Fields Under Fire Again, This Time For Insensitive Remark
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Democratic candidate for mayor C. Virginia Fields is apologizing for using the term "paddy wagon" in an interview with NY1 last week.
In Alabama on Friday, the Manhattan borough president talked about being arrested during a civil rights protest in 1963. In her comments, she described police vans as "paddy wagons" — a term that's considered offensive by some Irish-Americans. "Paddy" is a word used in the past as a pejorative to insult Irish people.
"We marched to mid-block at best and the paddy wagon was there and we were told we were marching without a permit and we could either turn around or we would be arrested," said Fields in the interview last Friday. "We fell on our knees and we were put into the paddy wagon."
Fields' campaign spokeswoman released a statement saying, "Obviously she did not mean to offend anyone. If she did, she is very sorry."
Fields' campaign had already been facing controversy over a campaign flier that used a photo of Fields surrounded by multicultural supporters. That photo was later revealed to be a composite of four separate photos. In the wake of that incident, Fields fired her top campaign consultant, Joe Mercurio, on Friday.
Polls show Fields running second in the four-way Democratic primary race.
The Democrats running for mayor are taking aim at Mayor Michael Bloomberg's anti-terror policies, saying he's not doing enough to protect the subways. Tuesday was C. Virginia Fields's turn to take aim at Hizzoner, but as NY1’s Sandra Endo explains in the following report, the questions were about another topic that Fields didn't want to talk about.
“My credibility is not under question,” said C. Virginia Fields.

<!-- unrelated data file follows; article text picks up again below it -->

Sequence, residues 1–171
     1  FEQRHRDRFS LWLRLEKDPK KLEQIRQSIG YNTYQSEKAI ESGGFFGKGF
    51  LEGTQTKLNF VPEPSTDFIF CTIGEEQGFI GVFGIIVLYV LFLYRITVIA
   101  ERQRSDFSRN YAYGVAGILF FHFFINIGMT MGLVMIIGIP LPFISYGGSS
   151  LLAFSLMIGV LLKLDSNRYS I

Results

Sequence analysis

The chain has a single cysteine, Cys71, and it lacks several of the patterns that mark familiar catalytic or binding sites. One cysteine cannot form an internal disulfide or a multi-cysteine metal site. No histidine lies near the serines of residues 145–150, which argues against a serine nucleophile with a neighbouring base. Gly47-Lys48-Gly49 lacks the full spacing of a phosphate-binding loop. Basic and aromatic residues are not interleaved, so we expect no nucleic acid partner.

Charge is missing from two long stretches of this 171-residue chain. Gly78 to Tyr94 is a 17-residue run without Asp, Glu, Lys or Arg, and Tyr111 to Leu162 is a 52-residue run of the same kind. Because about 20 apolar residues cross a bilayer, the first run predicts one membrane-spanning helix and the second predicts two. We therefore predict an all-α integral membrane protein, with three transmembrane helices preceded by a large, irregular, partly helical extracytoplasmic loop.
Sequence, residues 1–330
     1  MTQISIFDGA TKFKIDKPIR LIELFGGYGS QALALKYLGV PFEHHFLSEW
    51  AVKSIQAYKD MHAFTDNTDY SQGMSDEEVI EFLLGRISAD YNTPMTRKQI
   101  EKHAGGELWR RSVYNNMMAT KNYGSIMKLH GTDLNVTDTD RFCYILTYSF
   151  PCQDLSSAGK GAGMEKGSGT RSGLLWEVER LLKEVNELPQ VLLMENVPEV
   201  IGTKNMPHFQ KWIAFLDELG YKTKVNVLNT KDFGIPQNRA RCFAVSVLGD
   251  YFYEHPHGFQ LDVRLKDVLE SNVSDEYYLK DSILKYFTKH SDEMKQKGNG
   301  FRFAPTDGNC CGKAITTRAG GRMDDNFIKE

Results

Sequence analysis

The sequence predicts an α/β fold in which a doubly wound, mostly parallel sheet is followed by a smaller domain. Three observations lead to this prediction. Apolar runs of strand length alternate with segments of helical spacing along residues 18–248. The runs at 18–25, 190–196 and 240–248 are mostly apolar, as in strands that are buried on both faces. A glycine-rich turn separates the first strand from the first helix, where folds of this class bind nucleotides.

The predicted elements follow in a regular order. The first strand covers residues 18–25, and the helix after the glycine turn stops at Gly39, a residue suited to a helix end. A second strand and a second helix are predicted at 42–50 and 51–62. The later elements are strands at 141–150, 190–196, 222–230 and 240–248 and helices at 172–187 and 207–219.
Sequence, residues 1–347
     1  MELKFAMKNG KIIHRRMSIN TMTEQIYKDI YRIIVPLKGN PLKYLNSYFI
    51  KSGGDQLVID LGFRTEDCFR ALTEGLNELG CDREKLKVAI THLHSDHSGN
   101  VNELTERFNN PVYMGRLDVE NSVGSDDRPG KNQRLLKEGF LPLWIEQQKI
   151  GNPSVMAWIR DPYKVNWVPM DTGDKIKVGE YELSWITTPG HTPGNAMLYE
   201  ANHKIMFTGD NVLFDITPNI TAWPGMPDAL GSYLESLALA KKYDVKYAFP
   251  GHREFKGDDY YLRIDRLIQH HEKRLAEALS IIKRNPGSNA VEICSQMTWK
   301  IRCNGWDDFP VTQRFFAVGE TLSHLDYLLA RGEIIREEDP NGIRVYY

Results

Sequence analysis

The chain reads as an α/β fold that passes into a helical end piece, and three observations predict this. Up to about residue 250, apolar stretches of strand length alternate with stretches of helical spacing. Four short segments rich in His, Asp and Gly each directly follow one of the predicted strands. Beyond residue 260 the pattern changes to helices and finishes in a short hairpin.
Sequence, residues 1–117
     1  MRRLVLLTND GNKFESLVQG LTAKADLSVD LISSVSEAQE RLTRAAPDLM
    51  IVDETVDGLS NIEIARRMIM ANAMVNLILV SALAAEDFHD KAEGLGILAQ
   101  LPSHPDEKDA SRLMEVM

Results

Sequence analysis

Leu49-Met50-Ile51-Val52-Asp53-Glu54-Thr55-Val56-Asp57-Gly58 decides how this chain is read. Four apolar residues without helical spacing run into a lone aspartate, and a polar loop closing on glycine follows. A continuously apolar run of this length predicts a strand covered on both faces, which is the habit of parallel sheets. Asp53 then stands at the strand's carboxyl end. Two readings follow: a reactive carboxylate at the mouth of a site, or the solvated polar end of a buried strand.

But under question is the state of her mayoral campaign. On Friday, Fields fired her top campaign advisor, Joe Mercurio. She's still responding to questions about the controversy over a doctored photo used in a campaign flier.
“I have said all I have to say about that situation,” said the Manhattan borough president.
Friday night, Mercurio appeared on NY1’s “The Road To City Hall,” saying Fields and her top staff knew the photo was doctored.
“We have differences on how it transpired and who had responsibility,” said Mercurio.
According to the printing company, the flier was made before the woman who Mercurio blames was even hired.
Now, Fields is trying to stick to the issues. On Tuesday she talked about subway safety.
It was her first appearance in the city since visiting her hometown of Birmingham, Alabama, over the weekend. She went down south to hold a much-needed fundraiser and recalled her days fighting for civil rights.
But her choice of words to describe police vans is considered offensive to Irish-Americans.
"We marched to maybe mid-block at best, and the paddy wagon was there and we were told that we were marching without a permit and we could either turn around or we would be arrested," said Fields in the interview last Friday. "We fell on our knees and we were put into the paddy wagon."
Fields' campaign spokeswoman says: “Obviously she did not mean to offend anyone. If she did, she is very sorry.”
Trying to avoid apologies, now the campaign is working to get back on track.
- Sandra Endo
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